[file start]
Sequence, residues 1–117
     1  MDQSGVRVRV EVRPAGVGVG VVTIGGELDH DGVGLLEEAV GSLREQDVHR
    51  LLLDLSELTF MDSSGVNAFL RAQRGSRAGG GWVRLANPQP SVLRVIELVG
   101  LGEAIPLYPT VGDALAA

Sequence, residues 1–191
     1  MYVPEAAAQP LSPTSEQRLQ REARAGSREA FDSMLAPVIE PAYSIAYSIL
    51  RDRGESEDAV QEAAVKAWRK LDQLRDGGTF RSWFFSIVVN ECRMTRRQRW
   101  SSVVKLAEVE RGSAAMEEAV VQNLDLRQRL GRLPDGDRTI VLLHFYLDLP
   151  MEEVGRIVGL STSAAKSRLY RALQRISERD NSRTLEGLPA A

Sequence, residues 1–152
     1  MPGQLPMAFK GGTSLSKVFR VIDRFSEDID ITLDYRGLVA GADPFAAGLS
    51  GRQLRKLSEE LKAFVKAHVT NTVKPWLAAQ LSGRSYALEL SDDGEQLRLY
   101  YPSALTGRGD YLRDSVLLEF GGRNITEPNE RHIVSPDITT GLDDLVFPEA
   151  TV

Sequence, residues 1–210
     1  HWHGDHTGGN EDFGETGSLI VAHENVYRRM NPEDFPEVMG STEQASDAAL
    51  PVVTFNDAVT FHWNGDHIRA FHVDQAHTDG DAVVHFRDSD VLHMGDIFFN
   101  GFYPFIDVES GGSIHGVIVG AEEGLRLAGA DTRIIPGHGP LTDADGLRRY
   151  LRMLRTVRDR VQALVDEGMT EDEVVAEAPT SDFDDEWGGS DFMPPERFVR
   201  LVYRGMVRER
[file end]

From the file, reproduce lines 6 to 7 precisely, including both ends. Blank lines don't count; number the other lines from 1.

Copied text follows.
     1  MYVPEAAAQP LSPTSEQRLQ REARAGSREA FDSMLAPVIE PAYSIAYSIL
    51  RDRGESEDAV QEAAVKAWRK LDQLRDGGTF RSWFFSIVVN ECRMTRRQRW